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Sonos will end support for older speakers in May and says the products will continue to function in the short term

Sonos will end support for older speakers in May and says the products will continue to function in the short term

  • Sonos says it will stop updating the oldest ‘legacy’ products in May
  • Sonos Zone Players, Connect and Connect: Amp are some affected products
  • It is encouraging customers to exchange their devices for a discount on new ones.
  • While older speakers will work for now, other updates may affect functionality.

Sonos will prevent some of your older devices from receiving new software updates.

According to the company, in May it will stop updating the ‘legacy’ speakers, including all its Sonos Zone Players, Connect and Connect: Amp, Play: 5 first generation, the CR200 and the Bridge.

“Today Sonos’ experience is based on an interconnected ecosystem, which gives you access to more than 100 streaming services, voice assistants and control options such as Apple AirPlay 2,” the company wrote in a blog post.

“Without new software updates, access to services and the overall functionality of your sound system will eventually be affected, particularly as partners evolve their technology.”

Sonos Play: 5 (in the photo above) will be among the models affected by the cut. However, only the original Play: 5 speakers will stop receiving updates.

Sonos Play: 5 (in the photo above) will be among the models affected by the cut. However, only the original Play: 5 speakers will stop receiving updates.

Although Sonos says that speakers who stop receiving support will continue to work in the meantime, The edge reports that problems, especially related to music streaming, could arise in the future.

Sonos tells The Verge that if Spotify changed something on its platform that required a readjustment of the Sonos software, the speakers could eventually turn off.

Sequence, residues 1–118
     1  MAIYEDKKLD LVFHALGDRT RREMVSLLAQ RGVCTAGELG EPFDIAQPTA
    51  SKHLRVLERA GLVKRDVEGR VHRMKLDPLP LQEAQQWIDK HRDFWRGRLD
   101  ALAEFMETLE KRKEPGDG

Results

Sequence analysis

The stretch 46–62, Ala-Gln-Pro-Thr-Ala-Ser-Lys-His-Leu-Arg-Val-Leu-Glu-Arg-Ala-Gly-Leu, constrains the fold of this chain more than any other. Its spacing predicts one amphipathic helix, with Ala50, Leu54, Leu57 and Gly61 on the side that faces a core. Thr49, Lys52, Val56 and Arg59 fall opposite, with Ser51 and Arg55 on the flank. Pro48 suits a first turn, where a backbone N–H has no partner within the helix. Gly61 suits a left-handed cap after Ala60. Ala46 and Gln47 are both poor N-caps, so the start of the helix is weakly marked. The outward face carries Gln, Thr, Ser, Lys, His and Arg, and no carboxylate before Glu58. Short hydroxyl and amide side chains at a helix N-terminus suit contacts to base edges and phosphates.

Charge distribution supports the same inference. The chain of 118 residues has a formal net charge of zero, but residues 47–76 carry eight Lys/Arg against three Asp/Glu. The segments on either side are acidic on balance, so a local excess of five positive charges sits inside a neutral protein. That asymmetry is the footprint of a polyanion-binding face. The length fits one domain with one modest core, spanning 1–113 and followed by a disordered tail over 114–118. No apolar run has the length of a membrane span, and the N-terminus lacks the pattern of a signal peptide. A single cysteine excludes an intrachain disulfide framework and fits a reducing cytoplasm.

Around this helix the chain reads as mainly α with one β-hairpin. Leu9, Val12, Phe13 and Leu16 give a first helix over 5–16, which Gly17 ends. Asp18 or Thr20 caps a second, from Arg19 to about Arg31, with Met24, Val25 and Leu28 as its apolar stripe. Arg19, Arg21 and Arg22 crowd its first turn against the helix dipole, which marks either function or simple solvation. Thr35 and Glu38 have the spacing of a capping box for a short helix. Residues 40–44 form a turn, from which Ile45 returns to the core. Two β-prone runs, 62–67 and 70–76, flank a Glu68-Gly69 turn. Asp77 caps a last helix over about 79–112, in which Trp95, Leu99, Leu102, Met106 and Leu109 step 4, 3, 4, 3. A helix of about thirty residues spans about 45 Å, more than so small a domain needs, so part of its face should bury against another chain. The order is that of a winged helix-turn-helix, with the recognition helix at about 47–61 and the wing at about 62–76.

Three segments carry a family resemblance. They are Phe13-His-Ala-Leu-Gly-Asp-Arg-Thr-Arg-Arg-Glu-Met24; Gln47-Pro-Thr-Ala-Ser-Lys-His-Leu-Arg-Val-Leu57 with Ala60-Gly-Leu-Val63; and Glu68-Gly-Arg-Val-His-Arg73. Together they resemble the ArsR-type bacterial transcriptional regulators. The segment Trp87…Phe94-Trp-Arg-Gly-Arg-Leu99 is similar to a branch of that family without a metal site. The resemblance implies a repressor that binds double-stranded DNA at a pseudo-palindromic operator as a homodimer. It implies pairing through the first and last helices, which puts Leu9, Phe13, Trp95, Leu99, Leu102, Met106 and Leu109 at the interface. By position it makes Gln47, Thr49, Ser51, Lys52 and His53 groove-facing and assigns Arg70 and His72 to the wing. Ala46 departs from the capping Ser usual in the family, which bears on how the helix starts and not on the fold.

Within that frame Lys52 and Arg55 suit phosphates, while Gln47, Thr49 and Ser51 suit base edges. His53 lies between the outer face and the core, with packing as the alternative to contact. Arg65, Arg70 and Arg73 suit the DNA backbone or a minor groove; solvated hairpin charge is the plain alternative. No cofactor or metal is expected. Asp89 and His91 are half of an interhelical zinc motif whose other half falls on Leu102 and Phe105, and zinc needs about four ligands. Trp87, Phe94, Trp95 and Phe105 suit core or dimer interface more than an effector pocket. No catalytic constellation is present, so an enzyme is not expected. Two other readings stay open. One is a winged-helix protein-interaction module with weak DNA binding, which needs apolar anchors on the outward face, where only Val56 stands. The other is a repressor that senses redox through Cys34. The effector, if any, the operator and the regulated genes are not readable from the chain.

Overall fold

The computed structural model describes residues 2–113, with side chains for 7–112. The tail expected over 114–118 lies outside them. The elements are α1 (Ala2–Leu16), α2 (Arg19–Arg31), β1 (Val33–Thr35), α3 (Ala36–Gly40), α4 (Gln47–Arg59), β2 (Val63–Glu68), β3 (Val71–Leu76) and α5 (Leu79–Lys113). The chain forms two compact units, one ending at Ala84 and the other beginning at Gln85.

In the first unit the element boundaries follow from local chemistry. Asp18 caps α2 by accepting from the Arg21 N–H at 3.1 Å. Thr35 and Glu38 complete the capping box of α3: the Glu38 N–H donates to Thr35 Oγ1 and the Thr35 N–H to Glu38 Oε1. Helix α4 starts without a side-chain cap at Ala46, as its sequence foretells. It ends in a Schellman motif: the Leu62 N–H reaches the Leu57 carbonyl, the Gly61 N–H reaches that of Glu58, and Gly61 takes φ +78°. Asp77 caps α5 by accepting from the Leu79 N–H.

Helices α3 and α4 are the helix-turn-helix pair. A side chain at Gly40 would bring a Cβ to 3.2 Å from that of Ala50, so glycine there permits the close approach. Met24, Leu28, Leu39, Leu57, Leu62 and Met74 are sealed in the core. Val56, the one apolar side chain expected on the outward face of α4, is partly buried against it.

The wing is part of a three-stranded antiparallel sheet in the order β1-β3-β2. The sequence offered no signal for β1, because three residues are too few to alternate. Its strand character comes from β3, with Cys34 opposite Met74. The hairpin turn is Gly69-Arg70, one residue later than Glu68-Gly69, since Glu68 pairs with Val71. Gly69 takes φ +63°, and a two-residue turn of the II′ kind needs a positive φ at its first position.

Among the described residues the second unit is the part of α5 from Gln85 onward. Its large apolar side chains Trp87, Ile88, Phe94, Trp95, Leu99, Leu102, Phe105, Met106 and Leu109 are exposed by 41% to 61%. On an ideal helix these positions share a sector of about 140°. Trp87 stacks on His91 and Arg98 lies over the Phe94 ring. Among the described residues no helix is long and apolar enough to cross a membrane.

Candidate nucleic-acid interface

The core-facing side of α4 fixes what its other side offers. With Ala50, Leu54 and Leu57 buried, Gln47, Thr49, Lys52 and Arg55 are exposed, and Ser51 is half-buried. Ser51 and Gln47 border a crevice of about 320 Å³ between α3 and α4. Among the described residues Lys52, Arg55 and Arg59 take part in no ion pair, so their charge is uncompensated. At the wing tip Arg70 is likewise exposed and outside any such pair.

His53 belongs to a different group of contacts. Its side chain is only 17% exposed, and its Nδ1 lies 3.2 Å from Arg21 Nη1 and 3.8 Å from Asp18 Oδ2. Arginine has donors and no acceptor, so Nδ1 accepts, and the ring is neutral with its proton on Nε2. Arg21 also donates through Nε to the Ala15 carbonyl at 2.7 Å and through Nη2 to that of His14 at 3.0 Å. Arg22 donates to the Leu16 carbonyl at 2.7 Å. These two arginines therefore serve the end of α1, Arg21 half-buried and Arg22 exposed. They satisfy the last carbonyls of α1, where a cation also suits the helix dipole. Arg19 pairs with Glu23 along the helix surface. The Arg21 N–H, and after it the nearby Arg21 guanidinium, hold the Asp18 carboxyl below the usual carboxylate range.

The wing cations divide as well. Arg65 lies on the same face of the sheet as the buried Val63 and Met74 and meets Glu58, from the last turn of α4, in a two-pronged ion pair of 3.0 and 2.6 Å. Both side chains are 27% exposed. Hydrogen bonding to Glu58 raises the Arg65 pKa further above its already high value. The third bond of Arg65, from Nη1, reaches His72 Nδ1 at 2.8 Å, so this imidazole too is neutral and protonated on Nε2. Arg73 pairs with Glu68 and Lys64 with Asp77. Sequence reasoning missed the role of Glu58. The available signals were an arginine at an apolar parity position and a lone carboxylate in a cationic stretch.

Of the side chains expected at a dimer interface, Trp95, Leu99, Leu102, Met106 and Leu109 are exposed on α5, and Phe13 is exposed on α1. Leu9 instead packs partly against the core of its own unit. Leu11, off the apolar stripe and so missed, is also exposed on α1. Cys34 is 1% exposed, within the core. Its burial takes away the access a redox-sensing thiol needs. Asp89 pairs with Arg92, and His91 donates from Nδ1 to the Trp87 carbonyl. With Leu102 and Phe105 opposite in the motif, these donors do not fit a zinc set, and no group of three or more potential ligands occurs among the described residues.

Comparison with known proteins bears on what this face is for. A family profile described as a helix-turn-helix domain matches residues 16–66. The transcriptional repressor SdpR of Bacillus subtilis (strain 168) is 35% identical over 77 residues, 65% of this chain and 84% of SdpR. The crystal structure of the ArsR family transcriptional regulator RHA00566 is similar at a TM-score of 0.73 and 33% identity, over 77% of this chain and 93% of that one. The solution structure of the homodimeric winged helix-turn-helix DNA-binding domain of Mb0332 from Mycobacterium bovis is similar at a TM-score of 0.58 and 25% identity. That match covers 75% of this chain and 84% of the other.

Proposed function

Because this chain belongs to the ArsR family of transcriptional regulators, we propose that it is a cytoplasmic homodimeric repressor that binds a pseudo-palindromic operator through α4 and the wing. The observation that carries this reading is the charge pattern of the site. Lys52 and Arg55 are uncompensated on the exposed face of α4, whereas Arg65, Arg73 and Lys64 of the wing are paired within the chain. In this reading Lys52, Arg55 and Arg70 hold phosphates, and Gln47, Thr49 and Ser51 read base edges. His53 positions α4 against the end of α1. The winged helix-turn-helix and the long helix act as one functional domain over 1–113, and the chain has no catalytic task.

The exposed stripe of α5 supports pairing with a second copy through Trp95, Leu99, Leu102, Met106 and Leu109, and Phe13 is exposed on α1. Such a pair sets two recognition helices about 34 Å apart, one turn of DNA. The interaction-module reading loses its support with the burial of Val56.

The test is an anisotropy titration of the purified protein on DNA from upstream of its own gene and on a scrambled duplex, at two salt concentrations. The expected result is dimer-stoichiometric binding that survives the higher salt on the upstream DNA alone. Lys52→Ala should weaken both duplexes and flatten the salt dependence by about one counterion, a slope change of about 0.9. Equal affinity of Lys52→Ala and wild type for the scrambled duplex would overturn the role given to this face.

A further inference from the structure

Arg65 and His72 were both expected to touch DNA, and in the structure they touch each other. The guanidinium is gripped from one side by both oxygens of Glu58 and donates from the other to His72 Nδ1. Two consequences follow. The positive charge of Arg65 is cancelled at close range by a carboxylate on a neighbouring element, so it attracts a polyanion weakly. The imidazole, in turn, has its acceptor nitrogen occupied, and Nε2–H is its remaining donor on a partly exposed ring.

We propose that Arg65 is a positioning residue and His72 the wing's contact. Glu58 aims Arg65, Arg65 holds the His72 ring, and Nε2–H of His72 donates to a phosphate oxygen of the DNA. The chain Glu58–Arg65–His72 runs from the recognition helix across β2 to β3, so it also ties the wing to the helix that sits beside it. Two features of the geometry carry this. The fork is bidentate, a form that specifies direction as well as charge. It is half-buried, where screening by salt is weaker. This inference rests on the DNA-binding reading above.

According to Sonos, some of those products, the oldest of which was launched in 2006, are no longer able to receive the newest and most advanced software updates from companies.

As a result, customers will have two options in the future, the company says.

If customers intend to keep their older products, which will continue to function in the short term, they will have to ‘quarantine’ their devices from the rest of their Sonos system.

This will ensure that other products they may have continue to receive updates while older devices remain intact.

Sonos says the speakers will continue to function in the short term, but changes in the transmission platforms could affect their viability in the future.

Sonos says the speakers will continue to function in the short term, but changes in the transmission platforms could affect their viability in the future.

Sonos says the speakers will continue to function in the short term, but changes in the transmission platforms could affect their viability in the future.

Sonos warns that if users do not quarantine their device, their entire system will not be able to receive updates, since the company requires all devices in a system to run on the same software for compatibility reasons.

The second option will be to exchange your device through the Sonos exchange program.

Sonos offers customers who want to market their products with a 30 percent credit, although it will automatically change legacy devices that are owned by customers in their program to the ‘recycling mode’ that effectively enhances the speaker.

The company encourages users to take their old speakers to a certified electronic recycling facility or also offers to pay customers to send their products to the company, where they will dispose of them responsibly.

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